According to the American Nurses Association (2011), “United States nursing schools turned away 75,587 qualified applicants from baccalaureate and graduate nursing programs in 2011 from insufficient faculty numbers, clinical sites, classroom space, clinical preceptors, and budget constraints” (Scope of the Nursing Faculty shortage). One other contributing factor is salary differences. According the Maryland Statewide Commission on the Crisis in nursing (2005), “The average salary for a practicing nurse with an advanced degree is $80,000, but a nursing faculty member makes about $50,000.

The starting salary for a full-time faculty member at a Maryland school of nursing is approximately equal to that of a new graduate from an associate-degree or baccalaureate nursing program beginning as a full-time staff nurse. Given the additional education, master’s degree in nursing at minimum, and the experience required for a faculty position, this disparity in salary seems inequitable” (p. 2). Shortage Challenges, Strategies, and Consequences A challenge to decrease the growing shortage of nurses is to enhance opportunities for nursing faculty in addition to faculty increases in a timely manner.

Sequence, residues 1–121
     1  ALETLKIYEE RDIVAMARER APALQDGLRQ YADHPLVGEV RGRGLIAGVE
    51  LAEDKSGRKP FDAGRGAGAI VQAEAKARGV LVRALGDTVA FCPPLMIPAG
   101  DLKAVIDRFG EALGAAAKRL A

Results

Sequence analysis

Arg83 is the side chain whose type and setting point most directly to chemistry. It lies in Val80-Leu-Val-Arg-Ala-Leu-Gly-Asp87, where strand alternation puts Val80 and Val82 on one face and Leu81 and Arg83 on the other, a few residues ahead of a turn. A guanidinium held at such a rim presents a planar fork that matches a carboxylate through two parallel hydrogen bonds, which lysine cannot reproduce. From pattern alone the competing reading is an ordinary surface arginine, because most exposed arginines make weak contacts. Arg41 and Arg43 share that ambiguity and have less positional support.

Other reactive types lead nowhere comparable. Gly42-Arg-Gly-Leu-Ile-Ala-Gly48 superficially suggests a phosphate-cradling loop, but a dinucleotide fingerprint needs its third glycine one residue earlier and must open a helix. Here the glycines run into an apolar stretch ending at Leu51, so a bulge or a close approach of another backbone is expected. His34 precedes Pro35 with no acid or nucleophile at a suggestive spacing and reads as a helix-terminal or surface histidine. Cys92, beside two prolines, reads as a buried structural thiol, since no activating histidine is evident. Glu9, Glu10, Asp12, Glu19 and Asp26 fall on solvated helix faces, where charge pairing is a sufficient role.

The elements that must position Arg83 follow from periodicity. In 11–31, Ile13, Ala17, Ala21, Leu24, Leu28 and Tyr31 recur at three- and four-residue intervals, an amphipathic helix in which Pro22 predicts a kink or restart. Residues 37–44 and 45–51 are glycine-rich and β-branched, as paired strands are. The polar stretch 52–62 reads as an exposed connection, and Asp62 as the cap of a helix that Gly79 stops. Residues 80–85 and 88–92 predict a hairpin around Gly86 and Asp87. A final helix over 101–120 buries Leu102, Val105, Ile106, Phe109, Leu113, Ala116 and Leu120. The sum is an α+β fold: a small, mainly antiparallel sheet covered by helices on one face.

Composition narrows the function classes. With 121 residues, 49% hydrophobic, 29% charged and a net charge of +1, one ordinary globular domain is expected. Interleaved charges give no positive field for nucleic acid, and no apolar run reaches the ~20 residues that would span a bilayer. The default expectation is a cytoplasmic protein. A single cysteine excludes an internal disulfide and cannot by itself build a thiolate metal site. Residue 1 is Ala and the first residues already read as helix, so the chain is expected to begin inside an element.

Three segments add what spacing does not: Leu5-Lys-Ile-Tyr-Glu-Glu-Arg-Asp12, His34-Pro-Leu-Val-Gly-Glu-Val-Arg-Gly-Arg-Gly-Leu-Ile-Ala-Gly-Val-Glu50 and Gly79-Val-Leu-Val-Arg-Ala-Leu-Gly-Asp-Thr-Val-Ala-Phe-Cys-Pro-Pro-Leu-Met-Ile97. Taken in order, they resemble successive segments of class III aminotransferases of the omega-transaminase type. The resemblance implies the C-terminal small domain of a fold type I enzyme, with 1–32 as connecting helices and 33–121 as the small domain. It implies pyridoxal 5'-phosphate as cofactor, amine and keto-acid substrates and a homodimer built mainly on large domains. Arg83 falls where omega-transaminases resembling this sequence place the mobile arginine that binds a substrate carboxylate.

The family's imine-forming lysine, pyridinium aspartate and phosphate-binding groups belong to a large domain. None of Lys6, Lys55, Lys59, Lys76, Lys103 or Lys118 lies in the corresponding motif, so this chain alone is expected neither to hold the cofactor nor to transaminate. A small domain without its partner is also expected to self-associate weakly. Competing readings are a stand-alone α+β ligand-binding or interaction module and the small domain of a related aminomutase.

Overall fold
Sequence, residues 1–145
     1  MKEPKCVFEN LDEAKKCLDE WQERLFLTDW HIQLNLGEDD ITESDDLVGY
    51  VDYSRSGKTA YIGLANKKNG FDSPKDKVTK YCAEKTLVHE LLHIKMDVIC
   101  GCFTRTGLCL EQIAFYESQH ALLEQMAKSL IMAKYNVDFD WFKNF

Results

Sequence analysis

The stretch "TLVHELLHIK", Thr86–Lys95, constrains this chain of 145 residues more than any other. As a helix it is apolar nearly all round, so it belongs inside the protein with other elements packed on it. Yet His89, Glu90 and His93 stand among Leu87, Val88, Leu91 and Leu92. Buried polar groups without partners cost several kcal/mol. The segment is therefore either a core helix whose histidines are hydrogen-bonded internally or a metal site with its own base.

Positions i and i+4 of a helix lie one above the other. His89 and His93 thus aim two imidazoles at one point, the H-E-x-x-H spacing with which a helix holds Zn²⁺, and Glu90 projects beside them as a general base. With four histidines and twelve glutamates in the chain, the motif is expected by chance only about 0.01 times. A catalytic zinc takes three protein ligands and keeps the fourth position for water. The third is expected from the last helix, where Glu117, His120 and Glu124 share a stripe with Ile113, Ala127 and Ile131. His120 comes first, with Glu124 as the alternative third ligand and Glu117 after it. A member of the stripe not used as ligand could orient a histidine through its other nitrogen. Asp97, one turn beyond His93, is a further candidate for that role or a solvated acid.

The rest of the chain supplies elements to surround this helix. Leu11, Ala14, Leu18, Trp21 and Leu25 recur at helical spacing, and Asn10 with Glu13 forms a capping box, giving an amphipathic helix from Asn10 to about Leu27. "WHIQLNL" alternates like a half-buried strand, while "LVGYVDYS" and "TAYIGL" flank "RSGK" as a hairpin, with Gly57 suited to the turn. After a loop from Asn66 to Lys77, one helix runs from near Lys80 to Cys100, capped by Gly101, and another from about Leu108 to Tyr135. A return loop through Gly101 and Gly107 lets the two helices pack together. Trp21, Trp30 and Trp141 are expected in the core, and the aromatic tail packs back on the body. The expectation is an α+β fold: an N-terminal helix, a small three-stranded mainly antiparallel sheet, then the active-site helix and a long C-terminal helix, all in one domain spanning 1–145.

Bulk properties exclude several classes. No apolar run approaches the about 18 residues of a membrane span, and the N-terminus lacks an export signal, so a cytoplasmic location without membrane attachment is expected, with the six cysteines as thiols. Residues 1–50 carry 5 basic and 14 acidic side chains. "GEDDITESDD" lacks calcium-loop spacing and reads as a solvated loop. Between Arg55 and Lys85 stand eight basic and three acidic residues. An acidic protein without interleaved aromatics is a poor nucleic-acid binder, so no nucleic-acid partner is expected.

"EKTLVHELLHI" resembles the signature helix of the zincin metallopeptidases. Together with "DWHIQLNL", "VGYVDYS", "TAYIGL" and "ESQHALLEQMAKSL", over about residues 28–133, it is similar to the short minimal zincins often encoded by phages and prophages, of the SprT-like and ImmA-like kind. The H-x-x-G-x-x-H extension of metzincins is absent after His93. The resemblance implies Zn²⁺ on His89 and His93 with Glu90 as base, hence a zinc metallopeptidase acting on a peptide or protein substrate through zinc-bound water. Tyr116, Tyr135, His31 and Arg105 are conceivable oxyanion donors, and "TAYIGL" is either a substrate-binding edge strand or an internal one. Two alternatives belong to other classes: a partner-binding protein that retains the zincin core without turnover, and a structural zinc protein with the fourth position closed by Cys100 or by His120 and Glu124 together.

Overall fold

Countering strategies toward nurse faculty shortages need to gain a focus on various educational methods within institutions like retaining senior faculty, and recruitment of new faculty in a timely manner in collaboration with anticipated retirements. National prospects suggest the initiation of a new motivation tool that launches new educational and research training with focuses on doctoral studies early in nursing careers with added support (Hinshaw, 2001). The consequence of a non-functioning solution to the problem will continue to contribute to nursing shortages placing the health care arena in jeopardy of poor health care delivery.

The decrease of nurses has major consequences on preparing for emergencies, quality health care, the safety of patients’, access to health care services, and growth of the economy (The Center for Health and Health Care in Schools, 2006). More nurses will resume other avenues of employment, in addition to an increase of workload burnout. Recommendations Schools of Nursing, nursing school’s educational institutions, and nursing professions need to evaluate old strategies and develop new and creative solutions for decreasing the shortage of nursing faculty (Hinshaw, 2001). A strong recommendation is retaining productive senior faculty.

Academic administrators and faculty should evaluate new solutions for retaining senior faculty skills as they enter the retirement phase. Strategies suggested and developed should include methods based on the respect held for the expertise of senior faculty members on the needs of the nursing program as new junior faculty are recruited (Hinshaw, 2001). According to Hinshaw (2001), examples of recommendations include senior faculty to develop, and share new experiences, offer phased retirement plans, establish intellectual homes like Centers of Excellence based on research, and provide service components to retain senior faculty.